Third Course – Norwegian Halibut, Smoked Sunchoke Puree, Matsutaki Mushroom, Cauliflower, YuzuKosho,Hijiki
Fourth Course – Venison Strip Loin, Huckleberries, Root Vegetable Mille-Feuille, Grilled Chicories
Fifth Course – Fried Brioche with Lingonberry Whiskey Sabayon, Pistachios
Sixth Course – Warm Almond Apple Cake, Geitost, Brown Buttered Apples, Cardamom Ice Cream
Pastry Chef Stephanie Franz
Antique glassware collected from thrift stores.
Currently, I’m taking this truly amazing and eye opening course guided by the deft mind of Andrew Willett founder of Elemental Mixology in Los Angeles. He runs a school out of his home and offers abundant wisdom on his blog Elemental Mixology. His blog contains nuggets of wisdom like: Why you’ve never tasted a real Maraschino Cherry and how Curacao liqueur is completely misunderstood!
Anyhow, thanks to Andrew, I am inspired by all of this new (to me) knowledge and can’t wait to put it to use on my own blog!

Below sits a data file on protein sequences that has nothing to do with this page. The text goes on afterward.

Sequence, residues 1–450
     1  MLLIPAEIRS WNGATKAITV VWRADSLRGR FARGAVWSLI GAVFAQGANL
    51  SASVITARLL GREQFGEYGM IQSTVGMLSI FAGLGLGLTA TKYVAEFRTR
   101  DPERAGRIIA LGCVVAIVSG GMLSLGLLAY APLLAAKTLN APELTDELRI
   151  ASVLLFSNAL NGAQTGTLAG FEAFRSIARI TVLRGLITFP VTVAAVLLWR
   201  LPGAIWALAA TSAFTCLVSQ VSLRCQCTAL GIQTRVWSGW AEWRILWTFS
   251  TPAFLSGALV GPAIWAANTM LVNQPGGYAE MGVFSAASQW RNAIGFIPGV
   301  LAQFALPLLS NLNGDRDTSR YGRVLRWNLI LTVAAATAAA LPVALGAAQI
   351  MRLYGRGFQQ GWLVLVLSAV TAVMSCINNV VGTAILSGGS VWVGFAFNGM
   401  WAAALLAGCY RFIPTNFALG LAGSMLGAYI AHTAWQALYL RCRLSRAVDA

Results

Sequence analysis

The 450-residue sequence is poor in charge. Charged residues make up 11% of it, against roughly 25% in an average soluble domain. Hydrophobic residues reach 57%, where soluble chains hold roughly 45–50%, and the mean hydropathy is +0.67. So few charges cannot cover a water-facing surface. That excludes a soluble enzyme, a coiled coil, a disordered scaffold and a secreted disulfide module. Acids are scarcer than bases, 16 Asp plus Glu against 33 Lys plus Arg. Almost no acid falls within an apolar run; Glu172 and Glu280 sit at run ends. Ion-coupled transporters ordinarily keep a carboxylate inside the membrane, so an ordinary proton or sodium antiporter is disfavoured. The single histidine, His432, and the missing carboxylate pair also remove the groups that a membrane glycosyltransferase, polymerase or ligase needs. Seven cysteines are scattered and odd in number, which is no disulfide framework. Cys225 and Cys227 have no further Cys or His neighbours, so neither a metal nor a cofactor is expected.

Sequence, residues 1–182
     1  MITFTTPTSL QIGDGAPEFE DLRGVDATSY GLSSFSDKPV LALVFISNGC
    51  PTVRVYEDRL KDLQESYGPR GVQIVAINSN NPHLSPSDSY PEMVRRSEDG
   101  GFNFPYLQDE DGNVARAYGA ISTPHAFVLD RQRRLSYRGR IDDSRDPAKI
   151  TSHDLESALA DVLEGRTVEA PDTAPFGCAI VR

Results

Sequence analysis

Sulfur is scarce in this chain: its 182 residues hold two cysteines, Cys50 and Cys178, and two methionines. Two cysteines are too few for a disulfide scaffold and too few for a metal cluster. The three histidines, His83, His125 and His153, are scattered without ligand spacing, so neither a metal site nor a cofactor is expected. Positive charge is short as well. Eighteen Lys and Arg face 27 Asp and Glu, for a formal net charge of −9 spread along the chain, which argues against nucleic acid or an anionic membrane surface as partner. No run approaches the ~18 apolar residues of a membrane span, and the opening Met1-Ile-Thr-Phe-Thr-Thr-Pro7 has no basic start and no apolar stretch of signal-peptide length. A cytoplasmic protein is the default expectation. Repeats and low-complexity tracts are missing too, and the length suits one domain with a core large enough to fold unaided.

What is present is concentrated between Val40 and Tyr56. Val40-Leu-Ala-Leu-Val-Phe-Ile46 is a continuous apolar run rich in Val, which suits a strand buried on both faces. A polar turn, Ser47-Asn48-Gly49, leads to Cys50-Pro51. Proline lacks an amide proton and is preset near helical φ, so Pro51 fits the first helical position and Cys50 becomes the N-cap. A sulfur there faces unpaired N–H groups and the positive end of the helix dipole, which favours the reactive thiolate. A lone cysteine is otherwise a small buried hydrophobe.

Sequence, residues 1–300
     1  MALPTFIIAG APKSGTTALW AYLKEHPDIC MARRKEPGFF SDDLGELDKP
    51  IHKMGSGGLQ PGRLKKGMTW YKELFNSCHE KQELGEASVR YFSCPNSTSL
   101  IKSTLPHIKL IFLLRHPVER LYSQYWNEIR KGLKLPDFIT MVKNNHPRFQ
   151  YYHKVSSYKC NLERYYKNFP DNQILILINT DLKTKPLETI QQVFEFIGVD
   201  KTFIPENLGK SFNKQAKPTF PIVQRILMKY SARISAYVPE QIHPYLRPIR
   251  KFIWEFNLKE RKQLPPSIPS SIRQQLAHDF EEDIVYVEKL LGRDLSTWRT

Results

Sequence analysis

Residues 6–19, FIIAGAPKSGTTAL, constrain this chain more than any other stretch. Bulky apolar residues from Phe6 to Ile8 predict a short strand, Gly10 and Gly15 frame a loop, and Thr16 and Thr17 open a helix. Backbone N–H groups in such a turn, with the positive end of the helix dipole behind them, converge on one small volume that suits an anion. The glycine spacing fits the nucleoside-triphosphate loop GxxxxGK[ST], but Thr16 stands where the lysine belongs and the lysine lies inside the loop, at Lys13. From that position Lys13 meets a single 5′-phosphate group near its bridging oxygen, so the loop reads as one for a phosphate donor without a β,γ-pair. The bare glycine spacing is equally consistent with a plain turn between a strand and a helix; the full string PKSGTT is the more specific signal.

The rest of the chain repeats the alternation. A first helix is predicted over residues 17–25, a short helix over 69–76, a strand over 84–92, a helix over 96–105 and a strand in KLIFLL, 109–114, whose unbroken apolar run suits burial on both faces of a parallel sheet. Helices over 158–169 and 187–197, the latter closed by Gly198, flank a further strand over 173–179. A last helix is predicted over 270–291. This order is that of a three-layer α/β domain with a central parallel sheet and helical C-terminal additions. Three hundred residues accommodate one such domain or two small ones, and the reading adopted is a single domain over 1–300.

Curried butternut squash soup with coconut milk drizzle.
It’s fall and even though the weather isn’t acting like it, I’m starting to crave certain seasonal dishes – like soup! Here’s an easy and delicious butternut squash soup recipe that can be made with or without the addition of curry powder. The coolest thing about it is that you don’t need any broth because it makes its own! Enjoy!
Curried Butternut Squash Soup
1 butternut squash seeded, rind removed, chopped into 1 inch dice
3 stalks of celery – thinly sliced
1 onion – diced
1 large carrot – sliced
4 cloves of garlic – smashed
1 stalk of fennel – thinly sliced
3 bay leaves
2 tablespoons yellow curry powder
2 tablespoons honey
10 branches fresh thyme
1 tablespoon lemon juice
1/2 cup of olive oil plus 2 tablespoons for sautéing
1 can of coconut milk
In a large deep pot add 2 tablespoons of the olive oil and sauté first 6 ingredients for 8 minutes over medium high heat. Add remaining ingredients (except for the last 3) and cover with an inch of water. Bring to a boil and reduce heat. Simmer for 40 minutes. Add lemon juice and blend to a smooth consistency with hand-held blender or counter-top blender. With blender running slowly add 1/2 cup of olive oil. Serve with a drizzle of coconut milk. Happy Fall y’all!